Buzziness as usual


The absolute intertwining of our digital and analogue worlds is not reflected in institutional responses.  Here the digital arena is distilled out in strategies that want to create universal digital participation or a ‘world-leading digital economy’.  Is this just another example of the geeks, or rather the geeks employers, looking to lead us by the nose?  Spectacular failures in contracts to digitise this or that bit of military, civic or commercial activity probably have some relation to our willingness to have our views shaped by suppliers.  It is not surprising that the conclusions of reports on digital issue so often sound like those of any other sector, emphasising skills development, education, strategic join up and the need for champions.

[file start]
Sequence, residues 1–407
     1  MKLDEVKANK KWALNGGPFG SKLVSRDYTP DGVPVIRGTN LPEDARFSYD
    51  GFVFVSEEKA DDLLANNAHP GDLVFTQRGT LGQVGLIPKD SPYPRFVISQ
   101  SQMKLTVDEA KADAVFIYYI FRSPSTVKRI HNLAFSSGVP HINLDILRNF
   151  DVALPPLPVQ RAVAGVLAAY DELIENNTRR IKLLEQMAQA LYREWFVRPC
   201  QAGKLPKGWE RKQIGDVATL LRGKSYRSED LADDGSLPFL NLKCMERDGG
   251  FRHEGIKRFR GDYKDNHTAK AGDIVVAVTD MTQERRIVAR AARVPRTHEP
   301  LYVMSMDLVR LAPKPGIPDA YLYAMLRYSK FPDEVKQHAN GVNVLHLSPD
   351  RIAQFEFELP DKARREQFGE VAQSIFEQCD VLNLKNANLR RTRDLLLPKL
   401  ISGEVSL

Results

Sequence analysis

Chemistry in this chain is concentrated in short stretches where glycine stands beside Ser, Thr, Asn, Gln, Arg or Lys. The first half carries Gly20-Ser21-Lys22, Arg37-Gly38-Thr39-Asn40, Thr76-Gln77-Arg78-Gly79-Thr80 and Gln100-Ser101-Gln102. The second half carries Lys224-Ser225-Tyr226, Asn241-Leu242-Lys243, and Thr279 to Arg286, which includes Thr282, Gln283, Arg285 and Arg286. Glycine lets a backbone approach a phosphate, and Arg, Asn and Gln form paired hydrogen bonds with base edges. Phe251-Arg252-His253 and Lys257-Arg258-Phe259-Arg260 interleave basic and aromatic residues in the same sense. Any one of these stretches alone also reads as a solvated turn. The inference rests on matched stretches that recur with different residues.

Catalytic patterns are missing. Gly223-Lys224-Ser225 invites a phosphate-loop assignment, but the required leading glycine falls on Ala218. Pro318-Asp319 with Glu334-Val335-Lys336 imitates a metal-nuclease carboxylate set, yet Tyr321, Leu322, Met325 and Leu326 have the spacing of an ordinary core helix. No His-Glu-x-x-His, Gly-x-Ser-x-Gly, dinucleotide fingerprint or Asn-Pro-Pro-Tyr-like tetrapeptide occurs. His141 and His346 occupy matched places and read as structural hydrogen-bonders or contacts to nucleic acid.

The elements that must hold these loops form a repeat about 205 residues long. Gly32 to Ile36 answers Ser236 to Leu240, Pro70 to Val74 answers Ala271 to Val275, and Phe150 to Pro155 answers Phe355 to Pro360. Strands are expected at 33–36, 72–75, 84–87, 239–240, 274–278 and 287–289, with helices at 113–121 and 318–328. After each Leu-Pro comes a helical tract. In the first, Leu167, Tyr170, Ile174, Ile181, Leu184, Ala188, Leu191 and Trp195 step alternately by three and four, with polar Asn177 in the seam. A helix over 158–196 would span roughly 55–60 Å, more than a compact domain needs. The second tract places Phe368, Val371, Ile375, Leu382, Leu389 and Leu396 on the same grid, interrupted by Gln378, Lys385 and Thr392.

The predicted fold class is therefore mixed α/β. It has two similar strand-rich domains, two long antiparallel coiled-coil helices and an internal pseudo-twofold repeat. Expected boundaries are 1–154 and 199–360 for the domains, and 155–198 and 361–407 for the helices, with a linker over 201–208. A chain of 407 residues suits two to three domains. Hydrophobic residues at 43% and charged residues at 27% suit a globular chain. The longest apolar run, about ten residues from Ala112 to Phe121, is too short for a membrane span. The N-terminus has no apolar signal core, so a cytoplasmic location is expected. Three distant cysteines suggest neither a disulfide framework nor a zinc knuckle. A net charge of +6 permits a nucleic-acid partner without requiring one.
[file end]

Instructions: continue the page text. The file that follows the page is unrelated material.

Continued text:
The real challenge comes in considering what digital innovation is for.  Here we have a very real tussle between governments, business and the public with the cultural and creative industries at the sharp end.  Progressing universal physical access to the web is probably amenable to partnerships and agreements between the consumer, public £, and business.  The right of access to the information it holds is more intractable, under increasing threat from both political and business interests in various parts of the world, and creaking copyright or licensing regimes can’t cope.  Should cultural and creative organisations and businesses defend their intellectual property at all costs, or do new markets and better societies result from widening citizens rights to access digital material?     Image: Mauricio Estrella. Licenced under Creative Commons.


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